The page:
a. If you have not done so already, please scan the corresponding reading on higher-order procedures.
b. Start DrScheme
map to compute the successors to the squares of
the integers between 1 and 10.
map to turn a list into an association list by
making each value in the first list into a a key (you can also
use the same value as the corresponding value).
map to take the last element of each list in a
list of lists. The result should be a list of the last elements.
map to sum the last elements
of each list in a list of lists of numbers. The result should be a
number. You should have written a similar procedure for
map to concisely define a
(dot-product list1 list2), that
takes as arguments two lists of numbers, equal in length, and returns
the sum of the products of corresponding elements of the arguments:
> (dot-product (list 1 2 4 8) (list 11 5 7 3)) 73 ; ... because (1 x 11) + (2 x 5) + (4 x 7) + (8 x 3) = 11 + 10 + 28 + 24 = 73 > (dot-product null null) 0 ; ... because in this case there are no products to add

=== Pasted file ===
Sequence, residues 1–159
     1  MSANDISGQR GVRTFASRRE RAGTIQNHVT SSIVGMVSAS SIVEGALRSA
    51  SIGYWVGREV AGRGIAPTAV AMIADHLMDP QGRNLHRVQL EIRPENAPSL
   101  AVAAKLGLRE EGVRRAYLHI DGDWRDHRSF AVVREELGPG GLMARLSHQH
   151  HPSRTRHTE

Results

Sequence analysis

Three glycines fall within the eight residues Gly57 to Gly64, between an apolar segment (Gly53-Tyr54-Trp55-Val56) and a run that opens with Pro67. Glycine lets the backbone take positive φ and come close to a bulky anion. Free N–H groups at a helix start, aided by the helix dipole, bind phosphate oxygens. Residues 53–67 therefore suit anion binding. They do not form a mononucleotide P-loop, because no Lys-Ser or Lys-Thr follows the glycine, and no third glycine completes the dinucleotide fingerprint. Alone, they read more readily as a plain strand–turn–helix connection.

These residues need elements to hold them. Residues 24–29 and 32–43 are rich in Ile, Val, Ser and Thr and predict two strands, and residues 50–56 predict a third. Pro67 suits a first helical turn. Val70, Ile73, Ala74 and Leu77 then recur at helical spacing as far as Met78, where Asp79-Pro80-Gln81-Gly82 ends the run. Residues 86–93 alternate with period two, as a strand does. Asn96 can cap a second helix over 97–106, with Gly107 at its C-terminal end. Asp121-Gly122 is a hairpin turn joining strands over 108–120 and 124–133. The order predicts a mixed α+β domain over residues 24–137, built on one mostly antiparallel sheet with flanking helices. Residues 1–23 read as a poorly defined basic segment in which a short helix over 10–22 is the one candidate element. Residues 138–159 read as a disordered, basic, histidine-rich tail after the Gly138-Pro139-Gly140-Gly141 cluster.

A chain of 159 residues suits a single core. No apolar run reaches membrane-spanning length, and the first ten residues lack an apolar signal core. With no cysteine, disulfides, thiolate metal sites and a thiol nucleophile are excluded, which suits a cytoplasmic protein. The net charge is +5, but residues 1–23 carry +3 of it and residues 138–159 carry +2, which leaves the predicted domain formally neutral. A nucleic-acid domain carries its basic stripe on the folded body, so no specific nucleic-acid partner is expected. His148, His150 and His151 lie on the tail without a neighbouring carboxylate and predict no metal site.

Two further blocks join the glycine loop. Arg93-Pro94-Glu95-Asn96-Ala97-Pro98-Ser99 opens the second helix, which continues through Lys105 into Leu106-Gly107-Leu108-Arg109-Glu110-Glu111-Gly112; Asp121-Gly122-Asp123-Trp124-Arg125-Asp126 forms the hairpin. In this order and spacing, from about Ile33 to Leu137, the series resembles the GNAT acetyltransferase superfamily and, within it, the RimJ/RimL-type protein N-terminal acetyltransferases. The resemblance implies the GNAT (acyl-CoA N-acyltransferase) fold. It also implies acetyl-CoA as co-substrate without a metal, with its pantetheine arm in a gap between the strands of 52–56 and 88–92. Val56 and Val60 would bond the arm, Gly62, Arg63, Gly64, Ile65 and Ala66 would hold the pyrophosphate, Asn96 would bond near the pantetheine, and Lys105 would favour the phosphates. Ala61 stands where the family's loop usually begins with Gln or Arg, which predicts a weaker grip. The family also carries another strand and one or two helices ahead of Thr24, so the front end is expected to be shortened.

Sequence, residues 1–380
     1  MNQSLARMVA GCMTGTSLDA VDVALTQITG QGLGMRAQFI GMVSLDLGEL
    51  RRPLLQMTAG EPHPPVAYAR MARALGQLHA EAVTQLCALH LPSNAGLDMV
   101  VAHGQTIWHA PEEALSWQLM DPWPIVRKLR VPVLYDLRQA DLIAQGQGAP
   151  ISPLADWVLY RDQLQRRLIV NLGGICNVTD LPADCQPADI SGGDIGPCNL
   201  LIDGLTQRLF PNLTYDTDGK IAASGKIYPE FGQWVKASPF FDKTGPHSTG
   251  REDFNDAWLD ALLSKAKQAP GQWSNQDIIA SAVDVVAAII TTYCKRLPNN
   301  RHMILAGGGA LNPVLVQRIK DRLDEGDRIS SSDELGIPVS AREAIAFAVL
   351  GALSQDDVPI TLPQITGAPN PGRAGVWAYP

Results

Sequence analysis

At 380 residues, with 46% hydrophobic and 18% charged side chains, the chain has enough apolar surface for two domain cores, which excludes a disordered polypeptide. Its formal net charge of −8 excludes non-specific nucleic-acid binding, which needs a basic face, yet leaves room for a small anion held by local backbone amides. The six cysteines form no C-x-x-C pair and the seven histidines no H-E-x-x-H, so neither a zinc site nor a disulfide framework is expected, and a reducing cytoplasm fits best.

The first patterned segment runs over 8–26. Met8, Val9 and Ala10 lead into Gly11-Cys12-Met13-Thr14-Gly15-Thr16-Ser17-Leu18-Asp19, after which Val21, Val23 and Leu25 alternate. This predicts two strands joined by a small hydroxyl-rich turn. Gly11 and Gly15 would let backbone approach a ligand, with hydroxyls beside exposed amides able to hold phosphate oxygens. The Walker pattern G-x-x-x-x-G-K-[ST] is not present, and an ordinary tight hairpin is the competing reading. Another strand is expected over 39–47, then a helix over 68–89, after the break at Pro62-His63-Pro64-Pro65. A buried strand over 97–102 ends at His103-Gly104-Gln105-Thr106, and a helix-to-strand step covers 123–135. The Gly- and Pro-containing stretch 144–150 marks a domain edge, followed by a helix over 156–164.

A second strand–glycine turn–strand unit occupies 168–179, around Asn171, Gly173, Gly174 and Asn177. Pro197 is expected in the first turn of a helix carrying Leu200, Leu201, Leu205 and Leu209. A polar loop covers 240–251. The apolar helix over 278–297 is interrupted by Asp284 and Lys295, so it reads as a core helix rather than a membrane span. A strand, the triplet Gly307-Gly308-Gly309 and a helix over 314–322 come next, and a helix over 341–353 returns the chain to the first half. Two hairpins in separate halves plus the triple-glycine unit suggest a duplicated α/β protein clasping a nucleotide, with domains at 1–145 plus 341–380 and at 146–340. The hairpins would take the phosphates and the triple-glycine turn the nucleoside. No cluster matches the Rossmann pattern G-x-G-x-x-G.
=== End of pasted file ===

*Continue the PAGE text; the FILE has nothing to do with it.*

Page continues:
Sarah and Steven Schemer suggest that ``
apply is irrelevant.
After all,'' they say, ``when you write
(apply prog (arg1 ... argn))
you're just doing the same thing as
(proc arg1 arg2 ... argn)
Given your experience in the previous exercise, are they correct? Why or why not?
a. Document and write a procedure,
that counts the number of values in list for which
b. Demonstrate the procedure by tallying the number of odd values in the list of the first twenty integers.
c. Demonstrate the procedure by tallying the number of multiples of three in the list of the first twenty integers.
Document and write a procedure,
that builds a procedure that takes a list as a parameter and tallies
the values in the list for which the predicate holds. For example
> (define count-odds (make-tallier odd?)) > (count-odds (list 1 2 3 4 5)) 3
You can assume that
tally already exists for the purpose
of this problem.
Thursday, 2 November 2000 [Samuel A. Rebelsky]
Wednesday, 14 February 2001 [Samuel A. Rebelsky]
Sunday, 8 April 2001 [Samuel A. Rebelsky]
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